A Chinese tourism specialist suggested that a museum on the Silk Road be established in Lanzhou, the capital of northwest China's Gansu Province, in order to develop local tourism by making a good use a cultural legacy.
The suggestion was put forward by Zheng Benfa, director with the Tourism Research Center of Gansu Provincial Academy of Social Sciences, who had carried out a study about the feasibility of constructing such a museum.
"The museum is sure to become a tourism hit," said Zheng.
Land-locked Lanzhou is well positioned for such a museum because the city abounds in cultural relics and folklore associated with the Silk Road. It used to be one of the most important cities on the ancient Silk Road, said Zheng in a report.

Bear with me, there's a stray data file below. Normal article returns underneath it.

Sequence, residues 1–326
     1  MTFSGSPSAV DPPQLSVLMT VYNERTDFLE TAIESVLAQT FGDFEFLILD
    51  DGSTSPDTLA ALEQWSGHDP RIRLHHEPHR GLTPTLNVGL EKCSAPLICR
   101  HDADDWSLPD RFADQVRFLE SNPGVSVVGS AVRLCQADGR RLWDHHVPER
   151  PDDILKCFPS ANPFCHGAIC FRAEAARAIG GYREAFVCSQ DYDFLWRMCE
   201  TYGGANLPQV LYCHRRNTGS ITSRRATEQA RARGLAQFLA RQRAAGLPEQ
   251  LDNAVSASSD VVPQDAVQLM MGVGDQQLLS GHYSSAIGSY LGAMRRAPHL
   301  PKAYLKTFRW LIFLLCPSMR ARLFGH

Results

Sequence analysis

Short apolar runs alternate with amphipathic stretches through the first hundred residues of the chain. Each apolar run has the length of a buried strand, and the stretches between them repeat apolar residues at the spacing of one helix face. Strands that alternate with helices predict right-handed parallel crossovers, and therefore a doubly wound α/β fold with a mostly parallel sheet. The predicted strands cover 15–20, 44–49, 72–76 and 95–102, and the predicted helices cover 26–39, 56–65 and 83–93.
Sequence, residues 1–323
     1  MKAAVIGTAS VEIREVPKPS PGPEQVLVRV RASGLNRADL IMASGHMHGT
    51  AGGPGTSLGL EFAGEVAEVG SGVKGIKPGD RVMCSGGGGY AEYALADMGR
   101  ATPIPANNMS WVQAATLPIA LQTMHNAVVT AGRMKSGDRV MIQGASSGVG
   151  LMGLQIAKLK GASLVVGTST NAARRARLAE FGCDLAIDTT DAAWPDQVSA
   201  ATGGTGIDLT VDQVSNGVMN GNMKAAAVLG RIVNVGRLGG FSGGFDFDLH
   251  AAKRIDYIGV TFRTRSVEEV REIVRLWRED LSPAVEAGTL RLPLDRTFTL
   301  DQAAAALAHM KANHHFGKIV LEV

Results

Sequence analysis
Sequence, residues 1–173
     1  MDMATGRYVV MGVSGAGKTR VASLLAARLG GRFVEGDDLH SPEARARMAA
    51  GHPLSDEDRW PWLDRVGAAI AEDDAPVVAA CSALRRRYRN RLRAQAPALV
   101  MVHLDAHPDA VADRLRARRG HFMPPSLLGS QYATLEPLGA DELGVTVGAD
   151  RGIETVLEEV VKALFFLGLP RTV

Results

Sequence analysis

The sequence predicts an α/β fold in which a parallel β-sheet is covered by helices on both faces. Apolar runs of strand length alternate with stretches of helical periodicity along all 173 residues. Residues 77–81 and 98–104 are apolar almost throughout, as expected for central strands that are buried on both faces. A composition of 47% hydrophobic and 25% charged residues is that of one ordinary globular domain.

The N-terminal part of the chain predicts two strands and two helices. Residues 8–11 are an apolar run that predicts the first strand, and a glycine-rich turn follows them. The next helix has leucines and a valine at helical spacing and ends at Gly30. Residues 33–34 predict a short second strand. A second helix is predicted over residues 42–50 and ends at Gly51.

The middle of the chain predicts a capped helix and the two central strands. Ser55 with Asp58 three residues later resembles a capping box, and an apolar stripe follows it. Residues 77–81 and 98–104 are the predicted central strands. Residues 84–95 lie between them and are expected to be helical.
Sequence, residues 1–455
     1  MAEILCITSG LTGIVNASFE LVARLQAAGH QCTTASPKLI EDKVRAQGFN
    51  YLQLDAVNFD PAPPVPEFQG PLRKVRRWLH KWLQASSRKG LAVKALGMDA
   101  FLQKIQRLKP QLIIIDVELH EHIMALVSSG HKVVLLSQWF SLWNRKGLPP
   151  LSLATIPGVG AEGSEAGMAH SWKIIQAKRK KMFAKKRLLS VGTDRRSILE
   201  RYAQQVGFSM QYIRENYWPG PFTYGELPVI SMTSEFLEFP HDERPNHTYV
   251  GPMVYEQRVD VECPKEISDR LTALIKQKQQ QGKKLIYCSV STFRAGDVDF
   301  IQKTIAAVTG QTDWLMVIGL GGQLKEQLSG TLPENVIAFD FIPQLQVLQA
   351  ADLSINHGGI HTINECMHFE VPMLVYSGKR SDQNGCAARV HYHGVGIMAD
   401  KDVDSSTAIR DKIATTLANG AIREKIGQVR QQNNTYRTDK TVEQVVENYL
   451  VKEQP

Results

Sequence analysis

In the meantime, Lanzhou is a key transport link in northwest China and a part of the new Eurasian Continental Bridge.
Zheng proposed the new museum display sculptures, paintings, calligraphy, and that new and high technology be employed to showcase cultural and historical sites, folkways, as well as different forms of culture in the northwest Chinese region.
The ancient "Silk Road" was the land trade thoroughfare linking China with Central and Western Asia to the eastern shore of the Mediterranean between the second century B.C. and the eight and ninth centuries A.D.
It is commonly held that the ancient Silk Road began in Xi'an, capital of northwest China's Shaanxi Province, passing through south and central Asia and winding its way along the east coast of the Mediterranean Sea to Rome, with a total length of more than 7,000 km.
(Xinhua News Agency June 13, 2005)